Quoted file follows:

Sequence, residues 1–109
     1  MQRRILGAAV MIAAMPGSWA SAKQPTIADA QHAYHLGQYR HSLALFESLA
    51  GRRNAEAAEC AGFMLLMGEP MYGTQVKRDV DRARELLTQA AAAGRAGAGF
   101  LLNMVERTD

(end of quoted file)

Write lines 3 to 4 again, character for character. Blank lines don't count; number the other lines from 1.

    51  GRRNAEAAEC AGFMLLMGEP MYGTQVKRDV DRARELLTQA AAAGRAGAGF
   101  LLNMVERTD